“People who break the rules have different reasons for their choice,” Beverly Hills–based psychiatrist Carole Lieberman, MD, explains. “Some break the rules for political reasons, some because they don’t like wearing a mask or are tired of keeping social distancing. Some people are confused or annoyed by the contradictory advice we’ve been getting, and some are simply feeling rebellious and want to take control of their life.”

Others may just straight-up forget they’re not following the rules. Jennifer A. Rojas was picking up a cake at the bakery for her mother’s birthday in Queens, New York, recently when she realized her mask was hanging around her neck—she had forgotten to pull it up. “I wish someone had said something to me or gestured for me to put the mask on, but I can completely understand why people may be hesitant to,” she says.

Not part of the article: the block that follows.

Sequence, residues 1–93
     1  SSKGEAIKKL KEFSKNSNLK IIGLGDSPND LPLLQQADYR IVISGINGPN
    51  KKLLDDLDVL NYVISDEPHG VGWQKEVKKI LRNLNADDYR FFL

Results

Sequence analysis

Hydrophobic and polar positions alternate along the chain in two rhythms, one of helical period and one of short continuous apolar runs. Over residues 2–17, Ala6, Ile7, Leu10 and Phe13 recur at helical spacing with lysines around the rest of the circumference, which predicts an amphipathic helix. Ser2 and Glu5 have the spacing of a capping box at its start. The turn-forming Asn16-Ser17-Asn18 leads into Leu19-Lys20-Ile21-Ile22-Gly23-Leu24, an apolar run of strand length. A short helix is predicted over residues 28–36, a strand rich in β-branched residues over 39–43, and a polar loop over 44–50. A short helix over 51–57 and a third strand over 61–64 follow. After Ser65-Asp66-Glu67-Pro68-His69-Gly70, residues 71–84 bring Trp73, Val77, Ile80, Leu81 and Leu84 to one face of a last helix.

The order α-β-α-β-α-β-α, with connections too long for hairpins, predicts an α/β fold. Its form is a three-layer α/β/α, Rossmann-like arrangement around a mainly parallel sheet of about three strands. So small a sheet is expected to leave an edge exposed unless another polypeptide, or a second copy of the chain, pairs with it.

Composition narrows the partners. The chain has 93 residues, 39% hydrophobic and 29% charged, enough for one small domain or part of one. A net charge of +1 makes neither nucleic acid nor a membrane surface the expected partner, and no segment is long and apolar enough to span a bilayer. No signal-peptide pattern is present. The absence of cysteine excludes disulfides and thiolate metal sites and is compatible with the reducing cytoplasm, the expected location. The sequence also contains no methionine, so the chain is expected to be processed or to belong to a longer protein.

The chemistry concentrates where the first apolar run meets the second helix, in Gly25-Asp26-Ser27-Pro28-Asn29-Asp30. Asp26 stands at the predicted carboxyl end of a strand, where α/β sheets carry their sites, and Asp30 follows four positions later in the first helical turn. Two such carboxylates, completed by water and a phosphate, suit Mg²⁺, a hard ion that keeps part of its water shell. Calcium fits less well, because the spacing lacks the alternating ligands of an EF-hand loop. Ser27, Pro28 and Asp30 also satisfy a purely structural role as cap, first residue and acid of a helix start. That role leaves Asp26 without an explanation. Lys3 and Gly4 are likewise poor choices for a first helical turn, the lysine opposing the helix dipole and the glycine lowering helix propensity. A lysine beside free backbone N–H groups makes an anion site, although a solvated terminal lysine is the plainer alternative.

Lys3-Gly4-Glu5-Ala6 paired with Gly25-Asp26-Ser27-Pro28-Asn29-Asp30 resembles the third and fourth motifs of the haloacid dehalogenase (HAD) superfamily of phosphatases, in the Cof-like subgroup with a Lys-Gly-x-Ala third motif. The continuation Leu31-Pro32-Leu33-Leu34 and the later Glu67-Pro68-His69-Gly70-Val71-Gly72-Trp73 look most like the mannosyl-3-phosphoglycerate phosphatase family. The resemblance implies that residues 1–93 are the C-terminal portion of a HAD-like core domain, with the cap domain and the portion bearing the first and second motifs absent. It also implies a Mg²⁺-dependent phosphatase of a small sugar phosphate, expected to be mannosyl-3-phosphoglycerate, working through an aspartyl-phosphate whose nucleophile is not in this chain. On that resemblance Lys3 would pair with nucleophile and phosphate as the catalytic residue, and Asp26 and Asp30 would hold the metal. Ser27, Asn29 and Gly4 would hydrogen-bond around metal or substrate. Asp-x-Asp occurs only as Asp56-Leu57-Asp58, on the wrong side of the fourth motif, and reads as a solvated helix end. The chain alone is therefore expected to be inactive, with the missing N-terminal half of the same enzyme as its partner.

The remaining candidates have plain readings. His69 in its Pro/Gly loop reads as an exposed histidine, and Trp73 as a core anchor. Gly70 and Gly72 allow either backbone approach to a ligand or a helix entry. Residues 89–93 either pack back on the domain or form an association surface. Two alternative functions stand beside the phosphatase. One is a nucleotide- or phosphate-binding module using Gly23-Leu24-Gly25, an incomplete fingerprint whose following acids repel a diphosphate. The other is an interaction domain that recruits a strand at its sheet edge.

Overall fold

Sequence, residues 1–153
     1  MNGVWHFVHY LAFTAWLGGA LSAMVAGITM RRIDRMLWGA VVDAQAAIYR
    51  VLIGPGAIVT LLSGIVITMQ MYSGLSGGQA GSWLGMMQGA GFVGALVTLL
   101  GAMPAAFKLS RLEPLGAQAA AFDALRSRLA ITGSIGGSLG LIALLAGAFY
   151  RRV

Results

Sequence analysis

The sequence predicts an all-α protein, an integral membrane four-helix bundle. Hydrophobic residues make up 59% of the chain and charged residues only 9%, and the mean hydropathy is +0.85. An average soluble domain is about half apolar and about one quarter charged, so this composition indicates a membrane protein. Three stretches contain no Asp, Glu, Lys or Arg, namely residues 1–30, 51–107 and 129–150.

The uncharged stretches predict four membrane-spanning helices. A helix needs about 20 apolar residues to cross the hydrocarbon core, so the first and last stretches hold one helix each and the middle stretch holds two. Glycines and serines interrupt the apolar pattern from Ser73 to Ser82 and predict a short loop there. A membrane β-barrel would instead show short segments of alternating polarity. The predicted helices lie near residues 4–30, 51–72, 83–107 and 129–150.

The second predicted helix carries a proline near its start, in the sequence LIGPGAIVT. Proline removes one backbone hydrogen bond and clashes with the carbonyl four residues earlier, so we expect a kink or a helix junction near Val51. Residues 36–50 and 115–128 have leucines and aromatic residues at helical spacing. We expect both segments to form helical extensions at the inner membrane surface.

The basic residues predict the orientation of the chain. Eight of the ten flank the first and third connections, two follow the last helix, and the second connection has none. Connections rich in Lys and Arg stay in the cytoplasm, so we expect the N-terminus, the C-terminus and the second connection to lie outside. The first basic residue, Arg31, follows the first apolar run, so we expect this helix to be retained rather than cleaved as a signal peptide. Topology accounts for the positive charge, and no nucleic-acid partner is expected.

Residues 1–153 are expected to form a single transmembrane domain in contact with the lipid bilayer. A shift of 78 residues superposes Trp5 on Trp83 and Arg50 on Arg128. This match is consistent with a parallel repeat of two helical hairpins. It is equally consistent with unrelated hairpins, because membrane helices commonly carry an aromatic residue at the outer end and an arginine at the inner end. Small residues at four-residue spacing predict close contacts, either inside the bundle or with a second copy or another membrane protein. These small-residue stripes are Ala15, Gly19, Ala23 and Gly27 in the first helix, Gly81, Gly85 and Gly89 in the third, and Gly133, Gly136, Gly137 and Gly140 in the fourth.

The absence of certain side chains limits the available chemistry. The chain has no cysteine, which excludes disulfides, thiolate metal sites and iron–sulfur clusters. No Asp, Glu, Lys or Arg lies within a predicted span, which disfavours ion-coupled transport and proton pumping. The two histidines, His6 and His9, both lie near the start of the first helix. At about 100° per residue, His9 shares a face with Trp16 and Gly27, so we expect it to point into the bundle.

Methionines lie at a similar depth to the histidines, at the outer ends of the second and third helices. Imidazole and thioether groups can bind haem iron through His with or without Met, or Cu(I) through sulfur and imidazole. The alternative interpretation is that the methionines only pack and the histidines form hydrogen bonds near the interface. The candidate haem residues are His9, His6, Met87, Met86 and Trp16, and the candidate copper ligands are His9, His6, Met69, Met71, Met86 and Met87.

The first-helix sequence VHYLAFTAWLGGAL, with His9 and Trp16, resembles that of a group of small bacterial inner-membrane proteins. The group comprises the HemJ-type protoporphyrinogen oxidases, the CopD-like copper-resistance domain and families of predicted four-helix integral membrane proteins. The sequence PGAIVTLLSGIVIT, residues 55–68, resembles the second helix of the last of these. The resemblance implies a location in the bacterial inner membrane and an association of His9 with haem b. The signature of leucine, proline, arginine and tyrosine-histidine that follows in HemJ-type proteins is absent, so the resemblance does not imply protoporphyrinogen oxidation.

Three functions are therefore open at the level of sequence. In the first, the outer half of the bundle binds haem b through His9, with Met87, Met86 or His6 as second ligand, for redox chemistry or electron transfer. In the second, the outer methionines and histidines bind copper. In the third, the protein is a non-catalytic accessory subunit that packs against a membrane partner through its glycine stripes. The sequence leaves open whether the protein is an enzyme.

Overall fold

So maybe it is okay to say something if you see something. But releasing your pent-up quarantine rage won’t necessarily do the trick. A dose of empathy, understanding, and possibly cupcakes can help. Different strokes for different folks though. Below, instructions on how to talk to everyone in your life, from your best friend to your boss.

Related Story

How to Confront the People in Your Life Who Are Breaking All the Rules

Yes, Cute Mask Outfits Do Exist

Your BFF